In addition to β-oxidation, mitochondria are able to synthesize fatty acids with a chain length up to 8 carbons via a mitochondrial fatty acid synthase pathway (mtFAS) that is not fully characterized yet in humans. The synthesized C8 fatty acids are then used as substrate for the biosynthesis of lipoic acid which is an essential cofactor for several mitochondrial enzymes involved in energy metabolism. Very recently an increasing number of patients with defects in one of the mtFAS pathway have been reported. In contrast to β-oxidation, defects of mtFAS enzymes affect function of central nervous system.

Our research address the following aims:

  • Characterization of pathomechanisms involved in the development of symptoms in different tissues and organs
  • Effects of therapeutical interventions in the treatment of long-chain fatty acid oxidation disorders and mtFAS deficiencies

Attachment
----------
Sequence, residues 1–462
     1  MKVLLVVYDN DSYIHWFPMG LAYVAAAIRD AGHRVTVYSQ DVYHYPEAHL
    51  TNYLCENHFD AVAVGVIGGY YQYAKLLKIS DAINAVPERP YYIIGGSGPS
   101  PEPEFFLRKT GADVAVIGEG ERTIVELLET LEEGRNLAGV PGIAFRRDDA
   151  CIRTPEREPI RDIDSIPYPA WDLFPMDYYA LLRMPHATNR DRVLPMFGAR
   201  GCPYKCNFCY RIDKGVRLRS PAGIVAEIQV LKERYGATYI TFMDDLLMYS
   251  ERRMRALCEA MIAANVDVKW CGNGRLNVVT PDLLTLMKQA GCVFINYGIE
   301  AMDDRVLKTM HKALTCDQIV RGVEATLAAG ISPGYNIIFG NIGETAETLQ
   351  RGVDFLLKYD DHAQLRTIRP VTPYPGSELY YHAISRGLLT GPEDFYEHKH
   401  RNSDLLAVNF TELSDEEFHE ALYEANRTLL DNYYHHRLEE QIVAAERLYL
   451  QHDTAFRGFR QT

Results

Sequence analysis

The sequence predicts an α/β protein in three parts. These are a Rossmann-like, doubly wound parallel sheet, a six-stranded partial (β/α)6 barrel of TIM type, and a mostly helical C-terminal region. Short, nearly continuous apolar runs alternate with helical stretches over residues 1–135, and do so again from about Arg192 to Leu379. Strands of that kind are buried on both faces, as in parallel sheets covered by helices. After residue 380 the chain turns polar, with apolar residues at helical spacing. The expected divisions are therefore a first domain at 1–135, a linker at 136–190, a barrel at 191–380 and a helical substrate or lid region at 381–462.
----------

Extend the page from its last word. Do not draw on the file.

• Interaction of β-oxidation and mtFAS in the regulation of energy homeostasis


Characterization of the sex specific metabolic phenotype in very-long chain acyl-CoA dehydrogenase deficient (VLCAD-/-) mice

Very-long chain acyl-CoA dehydrogenase deficiency is the most common disorder of mitochondrial long-chain fatty acid oxidation with an incidence of 1:50,000-1:100,000 newborns. Catabolic situations contribute to the aggravation of the symptoms and may induce severe metabolic derangement and death. Treatment for VLCAD deficiency includes avoidance of prolonged fasting and a long-chain fat-restricted and fat-modified diet in which long-chain fatty acids (LCFA) are fully or in part replaced by medium-chain triglycerides (MCT). Our data demonstrated a sexually dimorphic response after long-term application of MCT with the development of a severe metabolic syndrome in female VLCAD-/- mice. Our hypothesis is that the concomitant effect of a deficient β-oxidation pathway and the supplementation with dietary MCT may contribute to the disturbed signaling cascade resulting in the development of a sex specific metabolic phenotype. How MCT affects signaling pathway and the regulation of energy metabolism in a sex specific manner, is still unknown. We aim to investigate whether i) sex may be considered an important variable to take into account in the prospective developing phenotype and ii) whether/ how a diet based on MCT affects signaling pathway and whole-body energy metabolism.